Omission of annual price and extended price is correctable as clerical error. Since the error is apparent from the face of the bid. Specification requiring facsimile machines to have the ability to "read" documents of a certain width is met by machine having an "effective scanning width" that meets the requirement. Fujitsu contends that Sharp's bid was nonresponsive because it did not include a price for one item and because descriptive literature submitted with the bid showed noncompliance with one of the specifications. Bidders were to insert the manufacturer's name and the model number for the fax machines being offered. The schedule indicated that the required quantity was 46. Bidders were to submit a price for maintenance and repair parts for a 1 year period.
B-241733.2, Mar 5, 1991, 91-1 CPD 243
PROCUREMENT - Sealed Bidding - Bids - Error correction - Pricing errors - Line items
Fujitsu Imaging Systems of America, Inc.:
Fujitsu Imaging Systems of America, Inc. protests the award of a contract for facsimile (fax) machines to Sharp Electronics Corporation under invitation for bids (IFB) No. M67443-90-B-0014, issued by the Marine Corps Finance Center. Fujitsu contends that Sharp's bid was nonresponsive because it did not include a price for one item and because descriptive literature submitted with the bid showed noncompliance with one of the specifications. We deny the protest.
The IFB's bidding schedule included two items, one for the fax machines and one for maintenance and repair of the machines. For item No. 0001, bidders were to insert the manufacturer's name and the model number for the fax machines being offered. The schedule indicated that the required quantity was 46, and included blanks for the bidder to insert a unit price and total price for this item. For item No. 0002, bidders were to submit a price for maintenance and repair parts for a 1 year period. The schedule included one blank following the description of the item, as follows: "(46 ea at $ *** /mo)." To the right of this blank, the schedule listed the quantity as 12 months. Although columns to the right of this were labeled as unit price and total price, there were no blank lines for the insertion of these prices as there had been for the previous item.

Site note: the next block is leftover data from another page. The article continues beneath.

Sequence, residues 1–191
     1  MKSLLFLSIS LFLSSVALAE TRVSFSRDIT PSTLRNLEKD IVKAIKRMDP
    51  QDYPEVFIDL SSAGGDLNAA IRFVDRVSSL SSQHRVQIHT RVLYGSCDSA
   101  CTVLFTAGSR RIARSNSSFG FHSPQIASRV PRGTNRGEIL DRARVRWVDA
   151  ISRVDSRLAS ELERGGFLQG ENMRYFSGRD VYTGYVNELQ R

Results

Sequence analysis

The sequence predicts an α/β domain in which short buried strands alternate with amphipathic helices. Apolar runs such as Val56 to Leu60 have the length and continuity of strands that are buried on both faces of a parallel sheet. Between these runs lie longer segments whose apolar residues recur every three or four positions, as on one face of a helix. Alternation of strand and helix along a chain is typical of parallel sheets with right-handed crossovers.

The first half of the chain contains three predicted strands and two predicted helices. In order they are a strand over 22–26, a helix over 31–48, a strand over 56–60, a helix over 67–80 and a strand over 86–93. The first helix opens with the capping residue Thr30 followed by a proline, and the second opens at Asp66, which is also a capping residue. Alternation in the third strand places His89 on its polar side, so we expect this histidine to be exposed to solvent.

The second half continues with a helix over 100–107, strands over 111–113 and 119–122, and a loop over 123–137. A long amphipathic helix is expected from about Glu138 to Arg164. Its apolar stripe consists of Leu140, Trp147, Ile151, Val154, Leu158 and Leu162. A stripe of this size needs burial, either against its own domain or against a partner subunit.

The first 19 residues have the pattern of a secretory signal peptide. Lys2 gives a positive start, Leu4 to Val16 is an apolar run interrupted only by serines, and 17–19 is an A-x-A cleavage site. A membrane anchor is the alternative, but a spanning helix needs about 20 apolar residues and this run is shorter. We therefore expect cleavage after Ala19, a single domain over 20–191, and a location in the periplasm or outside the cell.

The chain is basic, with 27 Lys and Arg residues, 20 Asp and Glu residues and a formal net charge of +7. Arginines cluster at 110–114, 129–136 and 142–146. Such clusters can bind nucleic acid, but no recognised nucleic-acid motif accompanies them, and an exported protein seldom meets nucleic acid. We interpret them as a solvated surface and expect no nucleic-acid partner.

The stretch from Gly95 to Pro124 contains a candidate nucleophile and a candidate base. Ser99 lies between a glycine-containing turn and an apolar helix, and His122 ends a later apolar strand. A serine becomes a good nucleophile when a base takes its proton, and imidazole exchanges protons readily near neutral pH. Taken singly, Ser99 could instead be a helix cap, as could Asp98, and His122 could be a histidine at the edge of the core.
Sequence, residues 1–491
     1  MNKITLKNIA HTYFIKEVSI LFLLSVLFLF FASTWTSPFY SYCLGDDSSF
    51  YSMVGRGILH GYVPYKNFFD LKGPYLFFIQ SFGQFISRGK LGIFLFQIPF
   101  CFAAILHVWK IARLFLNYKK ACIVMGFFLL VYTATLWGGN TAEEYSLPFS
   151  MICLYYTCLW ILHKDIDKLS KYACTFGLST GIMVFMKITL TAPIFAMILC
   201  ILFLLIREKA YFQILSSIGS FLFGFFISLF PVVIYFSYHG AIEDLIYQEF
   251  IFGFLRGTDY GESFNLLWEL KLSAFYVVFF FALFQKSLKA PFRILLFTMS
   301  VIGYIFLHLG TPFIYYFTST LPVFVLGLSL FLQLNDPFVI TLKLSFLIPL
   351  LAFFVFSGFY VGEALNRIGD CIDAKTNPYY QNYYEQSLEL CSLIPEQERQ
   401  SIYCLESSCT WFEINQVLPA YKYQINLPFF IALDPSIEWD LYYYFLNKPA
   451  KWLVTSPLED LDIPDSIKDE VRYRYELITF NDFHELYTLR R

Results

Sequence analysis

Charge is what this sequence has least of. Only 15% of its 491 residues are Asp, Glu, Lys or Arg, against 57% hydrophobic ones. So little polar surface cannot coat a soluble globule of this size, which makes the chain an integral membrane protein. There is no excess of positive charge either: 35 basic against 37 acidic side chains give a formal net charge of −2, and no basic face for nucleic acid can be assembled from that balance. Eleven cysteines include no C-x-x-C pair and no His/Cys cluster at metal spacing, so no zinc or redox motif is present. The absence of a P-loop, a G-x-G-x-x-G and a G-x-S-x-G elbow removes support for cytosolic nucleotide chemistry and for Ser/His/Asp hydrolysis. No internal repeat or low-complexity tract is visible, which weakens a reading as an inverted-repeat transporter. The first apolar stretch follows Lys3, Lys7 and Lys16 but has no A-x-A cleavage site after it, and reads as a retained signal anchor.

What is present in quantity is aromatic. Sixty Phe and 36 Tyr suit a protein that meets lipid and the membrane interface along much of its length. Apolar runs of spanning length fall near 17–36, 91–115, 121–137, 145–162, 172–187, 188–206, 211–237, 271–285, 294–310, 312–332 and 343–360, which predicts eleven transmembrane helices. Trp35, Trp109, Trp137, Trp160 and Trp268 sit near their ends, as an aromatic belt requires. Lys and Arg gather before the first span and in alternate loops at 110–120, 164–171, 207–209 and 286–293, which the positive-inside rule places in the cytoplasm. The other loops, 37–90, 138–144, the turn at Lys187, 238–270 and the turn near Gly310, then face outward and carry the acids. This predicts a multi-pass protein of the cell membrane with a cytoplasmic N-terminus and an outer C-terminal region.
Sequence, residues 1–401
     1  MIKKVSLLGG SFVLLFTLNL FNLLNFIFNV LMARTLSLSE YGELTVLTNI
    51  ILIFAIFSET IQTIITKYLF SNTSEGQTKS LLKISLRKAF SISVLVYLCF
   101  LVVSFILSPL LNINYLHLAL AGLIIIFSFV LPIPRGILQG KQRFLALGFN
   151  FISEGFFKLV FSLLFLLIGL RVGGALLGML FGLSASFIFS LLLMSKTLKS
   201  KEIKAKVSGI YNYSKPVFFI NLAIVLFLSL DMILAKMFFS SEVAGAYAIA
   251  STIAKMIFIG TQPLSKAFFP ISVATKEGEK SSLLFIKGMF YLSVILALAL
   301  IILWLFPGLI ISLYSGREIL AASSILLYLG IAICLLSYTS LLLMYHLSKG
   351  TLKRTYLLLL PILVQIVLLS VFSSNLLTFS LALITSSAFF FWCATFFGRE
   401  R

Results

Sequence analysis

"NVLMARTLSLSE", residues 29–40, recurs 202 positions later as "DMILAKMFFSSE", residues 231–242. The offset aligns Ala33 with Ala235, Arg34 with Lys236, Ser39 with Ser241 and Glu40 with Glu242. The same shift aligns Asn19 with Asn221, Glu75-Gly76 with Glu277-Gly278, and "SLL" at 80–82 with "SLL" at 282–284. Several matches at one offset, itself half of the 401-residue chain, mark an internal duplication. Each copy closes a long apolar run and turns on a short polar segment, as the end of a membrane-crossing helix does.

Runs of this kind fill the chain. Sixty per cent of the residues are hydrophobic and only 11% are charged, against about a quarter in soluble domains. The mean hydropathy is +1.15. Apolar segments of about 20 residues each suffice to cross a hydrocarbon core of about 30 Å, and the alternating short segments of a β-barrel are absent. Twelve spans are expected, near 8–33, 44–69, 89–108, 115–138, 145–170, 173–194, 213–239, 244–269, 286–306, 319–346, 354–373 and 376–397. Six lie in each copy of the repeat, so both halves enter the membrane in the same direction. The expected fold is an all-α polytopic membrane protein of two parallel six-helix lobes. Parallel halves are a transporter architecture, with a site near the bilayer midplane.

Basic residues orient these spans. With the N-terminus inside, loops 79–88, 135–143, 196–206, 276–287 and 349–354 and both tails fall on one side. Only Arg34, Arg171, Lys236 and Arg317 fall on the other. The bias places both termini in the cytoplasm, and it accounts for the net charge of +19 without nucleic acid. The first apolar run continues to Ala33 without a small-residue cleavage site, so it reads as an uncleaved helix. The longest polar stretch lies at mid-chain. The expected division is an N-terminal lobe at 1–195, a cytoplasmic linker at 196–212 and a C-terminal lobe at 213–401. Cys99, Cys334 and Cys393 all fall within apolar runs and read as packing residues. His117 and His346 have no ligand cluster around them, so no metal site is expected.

Fujitsu contends that when bids were opened, the contracting officer read the bid that was submitted by Sharp for the second item as "No bid. bid. Left blank." The protester concludes that Sharp did not submit any bid for item No. 0002, and that its bid therefore should have been rejected as nonresponsive.
The agency states that while the unit price and total price columns were left blank in Sharp's bid, the firm did insert its price of $16.17 per machine per month in the one blank that, as described above, was provided for this item. The agency report includes a copy of Sharp's original bid and a copy of a corrected page from the bidding schedule that includes the unit and extended prices, verified by Sharp as its intended bid. The Navy states that it viewed the omission of the prices as clerical mistakes that could be corrected after bid opening. We agree.